Read the rest of this entry »

Dermatomyositis And Polymyositis – Treatment

treatmentGlucocorticoids in high dosage is the accepted treatment for severe dermatomyositis-polymyositis, though there is no controlled trial to prove its effectiveness. Prednisone is generally started at a dose of 1 to 2 mg/kg body weight per day (60 to 100 mg/d for adults). Improvement may begin within 1 to 4 weeks, though in some patients treatment may need to be continued for 3 months before improvement occurs. When improvement is noted, the daily dose may be reduced by 5 mg every 4 weeks. Repeated manual muscle testing and serum CK determinations should be performed to ensure that the myositis does not relapse. At about 40 mg/d, the schedule is changed gradually to 80 mg every other day in order to reduce the incidence of side effects. There is some evidence that the use of alternate-day glucocorticoids from the outset may be effective, particularly in patients with milder disease. Adults with acute to subacute dermatomyositis-polymyositis tend to improve more rapidly than those with chronic polymyositis; children also respond in most cases. If the dose is reduced too rapidly, or to too low a level, relapse will occur, necessitating return to high dosage. Prednisone therapy may have to be continued for several years, but an attempt should be made every year to withdraw the therapy from patients who are clinically stable in order to determine if the disease is still active.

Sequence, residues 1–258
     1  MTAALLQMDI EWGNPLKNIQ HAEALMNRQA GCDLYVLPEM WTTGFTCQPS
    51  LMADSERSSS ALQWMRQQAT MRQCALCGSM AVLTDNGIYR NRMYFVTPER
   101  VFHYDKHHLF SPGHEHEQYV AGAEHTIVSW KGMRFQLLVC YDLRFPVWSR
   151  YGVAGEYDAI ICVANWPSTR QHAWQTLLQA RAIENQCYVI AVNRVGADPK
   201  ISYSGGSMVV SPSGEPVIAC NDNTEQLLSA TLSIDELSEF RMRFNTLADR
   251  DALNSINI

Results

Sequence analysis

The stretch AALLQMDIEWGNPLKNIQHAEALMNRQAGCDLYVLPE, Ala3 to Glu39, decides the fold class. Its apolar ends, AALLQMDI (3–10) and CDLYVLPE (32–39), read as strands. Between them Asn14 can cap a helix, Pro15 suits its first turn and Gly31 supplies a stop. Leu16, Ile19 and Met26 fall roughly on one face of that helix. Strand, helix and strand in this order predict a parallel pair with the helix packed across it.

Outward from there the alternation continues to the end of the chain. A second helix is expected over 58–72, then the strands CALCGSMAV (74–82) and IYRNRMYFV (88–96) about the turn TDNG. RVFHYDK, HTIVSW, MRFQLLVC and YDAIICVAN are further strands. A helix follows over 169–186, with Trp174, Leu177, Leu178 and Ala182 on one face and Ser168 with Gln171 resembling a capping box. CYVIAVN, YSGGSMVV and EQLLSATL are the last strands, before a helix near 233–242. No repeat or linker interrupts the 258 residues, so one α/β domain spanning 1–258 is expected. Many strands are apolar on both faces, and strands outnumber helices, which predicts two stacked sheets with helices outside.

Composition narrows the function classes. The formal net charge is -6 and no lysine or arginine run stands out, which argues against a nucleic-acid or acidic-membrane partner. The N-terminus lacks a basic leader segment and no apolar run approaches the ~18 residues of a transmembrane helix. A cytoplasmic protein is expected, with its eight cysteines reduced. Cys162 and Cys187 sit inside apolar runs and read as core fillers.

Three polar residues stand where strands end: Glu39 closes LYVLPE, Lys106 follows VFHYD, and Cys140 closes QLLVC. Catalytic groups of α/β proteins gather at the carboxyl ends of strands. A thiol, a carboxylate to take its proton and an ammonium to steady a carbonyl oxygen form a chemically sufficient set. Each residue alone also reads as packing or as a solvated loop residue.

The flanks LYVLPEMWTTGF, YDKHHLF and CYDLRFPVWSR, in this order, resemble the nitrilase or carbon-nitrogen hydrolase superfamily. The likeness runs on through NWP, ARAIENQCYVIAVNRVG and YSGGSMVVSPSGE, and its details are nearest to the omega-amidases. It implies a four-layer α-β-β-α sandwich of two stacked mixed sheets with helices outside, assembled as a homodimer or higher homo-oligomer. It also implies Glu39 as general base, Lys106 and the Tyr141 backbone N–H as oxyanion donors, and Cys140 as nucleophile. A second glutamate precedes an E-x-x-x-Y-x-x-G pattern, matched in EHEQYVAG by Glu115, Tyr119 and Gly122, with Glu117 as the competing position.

Read the rest of this entry »

Dermatomyositis And Polymyositis – Diagnosis

Dermatomyositis Polymyositis DiagnosisPatients with dermatomyositis who have the characteristic skin rash, muscle weakness, EMG changes, and elevation of serum CK may not require a muscle biopsy to confirm the diagnosis. In the case of idiopathic polymyositis, however, a firm diagnosis must be based on the presence of a typical clinical picture, a typical EMG, elevation of serum CK, and a diagnostic muscle biopsy. All four of these criteria are required to be certain of the diagnosis, since inflammatory changes may occasionally occur in other myopathies (e.g., facioscapulohumeral muscular dystrophy) and in other connective tissue disorders without clear muscle weakness. However, in fewer than one-third of cases of polymyositis are ALL these criteria satisfied. It may be particularly difficult to obtain a diagnostic muscle biopsy because of the patchy nature of the disease. Thus, a therapeutic trial of glucocorticoids should be given when full investigation of a patient with significant disability leaves a diagnosis of “possible polymyositis,” usually because of a nondiagnostic muscle biopsy.

About

So Many Advances in Medicine, So Many Yet to Come